By Beth Stewart
Home cooks and local chefs volunteer to serve up hot soups from crock pots to patrons for a “pay-what-you-can” meal through the Soup & Bread benefit at the Hideout Inn at 1354 W. Waubonsia Ave. All are welcome at the weekly Wednesday benefit that has been raising funds for local food pantries and hunger relief organizations for 12 winters.
“Charitable events in the food world often have a really high ticket,” Soup & Bread founder Martha Bayne says. That’s fine, she says, “But this is deliberately the opposite of that.”
Philosophically, she explains, she is committed to creating a space where people gather over a hot meal and can pay what they can to support their community, even if that means they pay nothing.
Set back in a mostly industrial area sandwiched by the North Branch of the Chicago River and I-90, the Hideout Inn is a neighborhood bar without many apparent neighbors. However, as soon as you open the door to the 100-year-old house-turned-bar and legendary music venue, where beers are shared under the warm glow of string lights, the sense of fellowship is palpable.
“I love food as a form of community,” says Sean Abernathy, who works at the Local Foods just down the street from the Hideout. While she occasionally pops in for a pint after work, tonight was her first Soup & Bread. “I love the whole concept,” she continues after biting into a spicy gingery Tom Kha, “The best food is made with love, for more than just yourself.” The Hideout offers several choices of soup for each benefit event.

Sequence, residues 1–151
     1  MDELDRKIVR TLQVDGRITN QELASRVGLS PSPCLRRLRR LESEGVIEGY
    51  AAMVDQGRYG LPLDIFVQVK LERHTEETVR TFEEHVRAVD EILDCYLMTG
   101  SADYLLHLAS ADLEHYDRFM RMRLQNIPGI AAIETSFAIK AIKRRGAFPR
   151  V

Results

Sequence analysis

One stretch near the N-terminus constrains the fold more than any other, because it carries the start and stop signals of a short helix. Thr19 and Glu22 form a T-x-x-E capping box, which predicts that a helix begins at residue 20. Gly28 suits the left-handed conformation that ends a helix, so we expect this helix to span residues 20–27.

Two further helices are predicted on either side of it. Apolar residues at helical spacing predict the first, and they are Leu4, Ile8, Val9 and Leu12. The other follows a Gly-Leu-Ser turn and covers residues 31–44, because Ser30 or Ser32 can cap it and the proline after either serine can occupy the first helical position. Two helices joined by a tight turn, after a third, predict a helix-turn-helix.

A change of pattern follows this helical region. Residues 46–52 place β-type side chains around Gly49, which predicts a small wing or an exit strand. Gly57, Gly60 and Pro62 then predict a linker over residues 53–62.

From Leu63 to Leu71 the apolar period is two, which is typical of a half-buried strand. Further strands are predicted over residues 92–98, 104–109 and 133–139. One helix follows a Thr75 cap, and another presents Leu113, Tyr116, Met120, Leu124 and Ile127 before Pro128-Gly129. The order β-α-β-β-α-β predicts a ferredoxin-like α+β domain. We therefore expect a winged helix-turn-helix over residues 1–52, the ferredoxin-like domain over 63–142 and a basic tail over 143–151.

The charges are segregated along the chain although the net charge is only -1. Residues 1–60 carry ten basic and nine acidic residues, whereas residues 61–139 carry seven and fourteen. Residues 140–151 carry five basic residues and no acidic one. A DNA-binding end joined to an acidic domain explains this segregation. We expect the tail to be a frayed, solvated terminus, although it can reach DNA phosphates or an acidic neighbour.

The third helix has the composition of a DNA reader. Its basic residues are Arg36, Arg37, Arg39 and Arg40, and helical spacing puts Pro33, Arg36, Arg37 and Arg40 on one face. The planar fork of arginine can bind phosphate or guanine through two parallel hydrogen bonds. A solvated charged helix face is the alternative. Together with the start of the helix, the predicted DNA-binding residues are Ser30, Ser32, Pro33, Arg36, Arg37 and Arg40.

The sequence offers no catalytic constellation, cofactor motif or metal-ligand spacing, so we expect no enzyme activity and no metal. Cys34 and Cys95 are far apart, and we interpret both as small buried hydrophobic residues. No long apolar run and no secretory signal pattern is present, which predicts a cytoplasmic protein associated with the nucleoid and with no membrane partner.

All winter long, the prohibition-era bar is filled with the hum of friends, families, and co-workers packed into the back room, gathering over a meal of bread donated by Publican Quality Bread of Chicago and hot, delicious soup prepared by volunteers.
Anjulie Rao of East Garfield Park is one of those volunteer cooks. This is her fourth time attending Soup & Bread but her first time sharing a soup of her own. She’s prepared a South Indian vegetarian lentil soup called Sambar that is spicy, and rich with coconut.
“Out of all the bad things that happen in this world, there’s nothing wrong with giving people some warm soup, a piece of bread in a nice place with wood paneling,” Rao says.
Bayne, a bartender in 2009, started Soup & Bread at the time. to drum up patrons mid-week through the long winters. The program has grown into a tradition at the Hideout that has raised more than $90,000 for area hunger relief organizations. This year she hopes to break the $100,000 mark, and with an opening night Jan. 8, that raised $1,150, she is pretty confident in that goal.
Soup & Bread has partnered with 13 different beneficiary organizations including the Marjorie Kovler Center for torture victims as well as the Greater Chicago Food Depository, and will pool the funds raised to distribute among them equally.
Soup & Bread serves the weekly Wednesdays meals 5:30-9 p.m. through April 1 at the Hideout Inn, 1354 W. Wabansia Ave.